Week 3 Sitrep

What geopolitical events? By now, the markets have come to recognize that the risk of an escalating geopolitical event is not a serious threat. Just last Thursday we were wondering how to reduce the risk in portfolios as the U.S. and Iran were headed for confrontation. However, in a manner of days it became clear that both countries would back down and markets resumed their normal uptrend. The S&P 500 posted another positive week up nearly 1%. International stocks did not bode nearly as well finishing slightly lower for the week. The first two weeks of January appear to be a continuation of 2019 thus far.Source: J.P. Morgan Asset Management, Weekly Market Recap, 1/13/20


If we dig inside the S&P 500 Index returns, the sectors leading the way continue to be technology and communication services. The signing of the U.S./China Phase One trade agreement continues to help the industrials rise. We also noticed strong performance continuing from the health care sector. As a result, many of the trends that started in October 2019 are still intact and delivering strong results in the new year. One trend from 2019 that was unique was the dispersion in returns for the various sectors.1 Many investors were unaware of the differences in sector returns – unless you work in the energy industry!

Source: J.P. Morgan Asset Management, Weekly Market Recap, 1/13/20

Source: SPDR ETF’s Chart Pack, State Street Global Advisors, January 2020


The U.S. stock market continues to move higher without many downside concerns. Bespoke Investment Group notes that the rise in stock prices that started in October has been hard to stop. In fact, since October 23rd there has been only one day where the S&P 500 Index did NOT close at an “overbought” (meaning greater than 1 standard deviation above the 50-day moving average). That’s a remarkable rally with very little volatility! Bespoke notes that there have been seven other periods since 1990 that achieved a similar result. While some of those prior periods “were followed by short-term pullbacks, the majority of occurrences came during long-term uptrends.”2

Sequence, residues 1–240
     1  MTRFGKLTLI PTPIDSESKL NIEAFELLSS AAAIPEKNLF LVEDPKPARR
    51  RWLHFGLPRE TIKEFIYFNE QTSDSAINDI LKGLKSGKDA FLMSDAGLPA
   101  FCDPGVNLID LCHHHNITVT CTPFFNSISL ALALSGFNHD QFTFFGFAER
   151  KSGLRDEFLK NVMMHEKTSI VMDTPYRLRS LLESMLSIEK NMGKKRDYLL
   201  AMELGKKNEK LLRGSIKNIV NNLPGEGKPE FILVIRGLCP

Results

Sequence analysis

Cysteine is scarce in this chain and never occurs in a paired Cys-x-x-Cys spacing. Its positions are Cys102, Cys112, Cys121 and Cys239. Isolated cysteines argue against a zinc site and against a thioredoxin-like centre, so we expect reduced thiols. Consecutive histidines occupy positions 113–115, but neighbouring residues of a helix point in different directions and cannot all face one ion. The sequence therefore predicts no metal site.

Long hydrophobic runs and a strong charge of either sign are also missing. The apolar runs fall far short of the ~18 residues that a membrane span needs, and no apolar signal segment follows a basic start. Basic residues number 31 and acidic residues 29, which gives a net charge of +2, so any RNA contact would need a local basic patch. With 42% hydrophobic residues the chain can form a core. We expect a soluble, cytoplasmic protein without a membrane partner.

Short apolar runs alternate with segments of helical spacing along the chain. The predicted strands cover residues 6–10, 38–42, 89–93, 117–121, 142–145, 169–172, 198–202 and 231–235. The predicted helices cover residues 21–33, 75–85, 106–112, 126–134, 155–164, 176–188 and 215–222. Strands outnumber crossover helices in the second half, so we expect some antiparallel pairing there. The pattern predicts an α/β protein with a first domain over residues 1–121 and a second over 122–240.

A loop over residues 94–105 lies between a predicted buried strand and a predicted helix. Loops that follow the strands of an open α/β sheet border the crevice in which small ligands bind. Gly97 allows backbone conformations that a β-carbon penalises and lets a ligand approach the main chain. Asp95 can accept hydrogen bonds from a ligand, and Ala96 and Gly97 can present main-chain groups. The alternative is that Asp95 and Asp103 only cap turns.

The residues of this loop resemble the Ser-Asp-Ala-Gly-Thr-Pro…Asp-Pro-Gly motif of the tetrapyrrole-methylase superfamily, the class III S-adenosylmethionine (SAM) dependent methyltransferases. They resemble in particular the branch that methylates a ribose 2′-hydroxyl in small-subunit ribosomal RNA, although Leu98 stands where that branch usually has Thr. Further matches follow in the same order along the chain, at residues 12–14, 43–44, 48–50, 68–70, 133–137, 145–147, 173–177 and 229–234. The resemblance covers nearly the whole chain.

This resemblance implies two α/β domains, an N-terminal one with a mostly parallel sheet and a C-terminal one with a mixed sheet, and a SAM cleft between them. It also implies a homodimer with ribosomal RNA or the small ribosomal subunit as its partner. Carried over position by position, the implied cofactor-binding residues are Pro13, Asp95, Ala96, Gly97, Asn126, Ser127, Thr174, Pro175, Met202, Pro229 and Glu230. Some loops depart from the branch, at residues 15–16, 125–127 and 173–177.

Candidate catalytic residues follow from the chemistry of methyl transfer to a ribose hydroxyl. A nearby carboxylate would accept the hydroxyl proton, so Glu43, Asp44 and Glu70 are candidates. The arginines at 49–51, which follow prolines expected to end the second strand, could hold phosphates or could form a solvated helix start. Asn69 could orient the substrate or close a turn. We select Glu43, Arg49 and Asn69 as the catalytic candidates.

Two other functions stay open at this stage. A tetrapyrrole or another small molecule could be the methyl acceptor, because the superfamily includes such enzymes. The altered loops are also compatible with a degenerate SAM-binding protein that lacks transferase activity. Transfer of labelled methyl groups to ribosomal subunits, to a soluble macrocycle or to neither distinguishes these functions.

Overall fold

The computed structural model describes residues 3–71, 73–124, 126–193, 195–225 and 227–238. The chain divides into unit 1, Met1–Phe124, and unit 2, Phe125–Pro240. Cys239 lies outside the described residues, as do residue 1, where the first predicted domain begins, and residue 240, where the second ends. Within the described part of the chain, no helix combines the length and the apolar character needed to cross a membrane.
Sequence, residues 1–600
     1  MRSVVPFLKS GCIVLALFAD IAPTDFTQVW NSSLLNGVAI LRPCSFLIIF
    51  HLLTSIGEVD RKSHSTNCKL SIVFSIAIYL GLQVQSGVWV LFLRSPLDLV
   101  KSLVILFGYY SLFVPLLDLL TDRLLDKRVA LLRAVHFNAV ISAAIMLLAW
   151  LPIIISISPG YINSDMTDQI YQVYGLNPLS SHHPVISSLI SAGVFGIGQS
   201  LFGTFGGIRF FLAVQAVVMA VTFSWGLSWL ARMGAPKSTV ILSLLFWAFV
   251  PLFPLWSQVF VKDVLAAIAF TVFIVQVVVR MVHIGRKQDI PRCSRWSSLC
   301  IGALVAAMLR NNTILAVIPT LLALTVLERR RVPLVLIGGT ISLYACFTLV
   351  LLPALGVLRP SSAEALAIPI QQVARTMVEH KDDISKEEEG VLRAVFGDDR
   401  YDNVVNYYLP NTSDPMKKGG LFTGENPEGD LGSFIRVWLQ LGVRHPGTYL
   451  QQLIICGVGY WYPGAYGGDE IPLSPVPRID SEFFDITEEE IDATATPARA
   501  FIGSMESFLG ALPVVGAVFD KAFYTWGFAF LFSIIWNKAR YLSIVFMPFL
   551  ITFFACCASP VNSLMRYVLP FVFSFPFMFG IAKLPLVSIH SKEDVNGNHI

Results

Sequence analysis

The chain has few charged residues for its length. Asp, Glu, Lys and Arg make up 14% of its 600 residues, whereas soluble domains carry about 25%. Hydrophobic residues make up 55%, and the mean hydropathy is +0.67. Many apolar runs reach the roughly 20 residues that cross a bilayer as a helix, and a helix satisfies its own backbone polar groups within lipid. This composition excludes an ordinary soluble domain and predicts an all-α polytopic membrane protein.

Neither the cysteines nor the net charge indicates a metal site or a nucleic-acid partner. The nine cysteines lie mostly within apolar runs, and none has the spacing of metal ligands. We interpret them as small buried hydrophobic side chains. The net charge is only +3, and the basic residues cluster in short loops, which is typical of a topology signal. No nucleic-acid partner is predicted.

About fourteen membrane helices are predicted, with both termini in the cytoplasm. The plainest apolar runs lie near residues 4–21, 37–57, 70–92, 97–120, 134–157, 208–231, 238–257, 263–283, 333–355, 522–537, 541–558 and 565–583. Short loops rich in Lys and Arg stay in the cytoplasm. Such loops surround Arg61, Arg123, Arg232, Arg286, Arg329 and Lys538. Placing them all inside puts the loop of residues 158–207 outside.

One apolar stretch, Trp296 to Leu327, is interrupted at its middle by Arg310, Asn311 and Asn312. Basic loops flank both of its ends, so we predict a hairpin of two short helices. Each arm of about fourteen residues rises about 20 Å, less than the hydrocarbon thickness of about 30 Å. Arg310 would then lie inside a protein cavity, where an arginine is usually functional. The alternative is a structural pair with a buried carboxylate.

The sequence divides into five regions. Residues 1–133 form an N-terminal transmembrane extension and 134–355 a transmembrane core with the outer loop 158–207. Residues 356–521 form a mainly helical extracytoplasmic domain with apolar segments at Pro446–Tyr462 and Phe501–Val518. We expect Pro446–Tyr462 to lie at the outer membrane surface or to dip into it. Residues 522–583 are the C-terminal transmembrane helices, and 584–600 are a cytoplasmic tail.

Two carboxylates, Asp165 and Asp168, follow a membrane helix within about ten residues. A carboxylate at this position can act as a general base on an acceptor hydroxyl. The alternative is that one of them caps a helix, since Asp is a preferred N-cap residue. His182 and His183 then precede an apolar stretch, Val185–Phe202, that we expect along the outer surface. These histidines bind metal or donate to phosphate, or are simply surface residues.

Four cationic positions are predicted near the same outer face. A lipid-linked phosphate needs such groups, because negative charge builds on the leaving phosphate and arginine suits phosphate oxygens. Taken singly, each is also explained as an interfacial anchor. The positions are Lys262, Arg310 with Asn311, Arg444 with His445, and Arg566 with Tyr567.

Source; Bespoke Investment Group, The Bespoke Report, January 10, 2020


Our investment committee has been reviewing risk in the U.S. markets over the past two weeks. The more common concerns we hear from analysts relate to higher valuations on U.S. stocks over the past year. In last week’s letter, we shared that forward P/E (price/earnings) ratios have risen to 18.2 as of December 31, 2019. The 25-year average is 16.28 so we are above average on a relative basis. However, J.P. Morgan Asset Management reminds us that historically, positive index returns from our current P/E level are not unrealistic.3 We do not believe that current valuations will be a hindrance for U.S. stocks in 2020.

Source: J.P. Morgan Asset Management, Guide to the Markets, 12/31/19


An additional risk we have considered is how U.S. stock index returns seem to be dependent on a handful of individual stocks. One criticism of the S&P 500 Index as a widely quoted index in financial media is how the index is calculated. The S&P 500 Index is not an index of 500 companies with equal weights. Rather, the index is weighted according to the size of each company (total market capitalization).


That means that a bigger company gets more weighting in the index and can move the index more when it’s stock price changes. In 2019, some of the largest companies had stellar stock returns, such as Apple (up 89%) and Microsoft (up 56%). Other large companies in the index include Amazon, Facebook and Alphabet (parent company of Google). Together, these five companies accounted for just over 7% of the 28.8% return for the S&P 500 Index last year (approximately 1/4th).4 The relative contribution of returns from the largest stocks in the index is not historically out of the ordinary. Bespoke notes that the largest five stocks represent a fair amount of the total index based on prior records.